Finally, as social creatures we employ a framework for assessing our own circumstances and prospects that does not emphasize how penicillin has made our lives better than Henry VIII's. That doesn't mean we live completely in the moment, however. Economists and sociologists analyzing America's income statistics during the long economic boom after World War II may have been right to call it the Great Compression, but I don't think many Americans at the time regarded it that way. Rather, they liked the direction their lives were headed because people who had grown up on isolated farms or in crowded city apartments, relying on streetcars and laundries, were raising their children in single-family suburban houses, with the family automobile parked in the carport and a washer and dryer in the basement. I see little evidence from the scholarly literature or popular culture of the boom years that approval of historically low ratios between CEO's compensation packages and median incomes, as opposed to tangible improvements in the quality of life, figured prominently in popular confidence about the future. As John Kenneth Galbraith wrote in The Affluent Society, "the facts are inescapable. It is the increase in output in recent decades, not the redistribution of income, which has brought the great material increase in the well-being of the average person."
I close by remarking on Noah's wistfulness about the absence of internal radicals or external Communists who might prod us to equalize incomes. It is in keeping with his hopes, now certainly flagging, that Occupy Wall Street would catalyze a politically irresistible redistributive movement. In his book's final sentence—"The worst thing we could do to the Great Divergence is get used to it"—Noah is trying to say something to the Americans indifferent to that great crusade. But perhaps they, in their reluctance to enlist, are trying to say something to him about their abiding desire for economic vigor and absolute mobility, and their abiding fears about the power and decency of redistributive government.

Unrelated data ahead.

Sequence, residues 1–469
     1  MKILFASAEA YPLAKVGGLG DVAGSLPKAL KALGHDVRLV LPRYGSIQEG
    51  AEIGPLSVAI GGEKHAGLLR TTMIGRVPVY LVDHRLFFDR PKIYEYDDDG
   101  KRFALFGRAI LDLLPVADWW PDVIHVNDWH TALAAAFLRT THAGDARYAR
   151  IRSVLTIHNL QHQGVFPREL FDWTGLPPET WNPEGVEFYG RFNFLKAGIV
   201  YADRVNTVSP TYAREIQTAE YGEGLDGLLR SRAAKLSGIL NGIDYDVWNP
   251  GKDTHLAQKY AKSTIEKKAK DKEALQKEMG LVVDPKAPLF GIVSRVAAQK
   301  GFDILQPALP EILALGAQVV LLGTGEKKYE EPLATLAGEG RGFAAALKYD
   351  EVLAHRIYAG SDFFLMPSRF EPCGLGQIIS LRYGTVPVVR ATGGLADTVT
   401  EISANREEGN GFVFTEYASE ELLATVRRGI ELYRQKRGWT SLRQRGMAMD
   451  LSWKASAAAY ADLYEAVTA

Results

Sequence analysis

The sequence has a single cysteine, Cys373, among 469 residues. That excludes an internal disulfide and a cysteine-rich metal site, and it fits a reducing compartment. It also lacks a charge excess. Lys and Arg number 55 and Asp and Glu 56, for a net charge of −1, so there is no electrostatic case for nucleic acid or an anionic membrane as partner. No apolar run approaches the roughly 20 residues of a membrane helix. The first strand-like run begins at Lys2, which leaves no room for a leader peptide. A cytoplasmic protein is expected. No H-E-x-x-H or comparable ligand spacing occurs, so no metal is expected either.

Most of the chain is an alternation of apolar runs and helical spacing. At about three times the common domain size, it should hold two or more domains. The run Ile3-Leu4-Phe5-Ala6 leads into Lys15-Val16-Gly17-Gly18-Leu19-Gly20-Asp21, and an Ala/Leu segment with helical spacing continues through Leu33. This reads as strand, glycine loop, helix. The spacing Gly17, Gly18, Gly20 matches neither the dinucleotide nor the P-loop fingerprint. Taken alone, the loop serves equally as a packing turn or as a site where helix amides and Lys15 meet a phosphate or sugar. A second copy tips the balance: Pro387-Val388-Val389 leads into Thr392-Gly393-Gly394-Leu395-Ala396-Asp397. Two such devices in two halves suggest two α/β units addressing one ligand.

For the full exchange between Timothy Noah and William Voegeli, visit our online feature, "Upon Further Review," at www.claremont.org/ufr.
Making Sense of Federalism
In acceding to the CRB's request for a response to Michael Uhlmann's review of The Upside-Down Constitution ("Right-side Up," Summer 2012), I am violating a cardinal rule of prudent authorial conduct: never respond to published criticism. When the reviewer "gets" the author's work as completely as Uhlmann gets my book, the rule is most easily obeyed. But it is also dis-obeyed at virtually zero cost, and perhaps to some benefit: the response is simply a way of inviting readers to a conversation that the author and his critic would and will continue in any event, in due time and over martinis.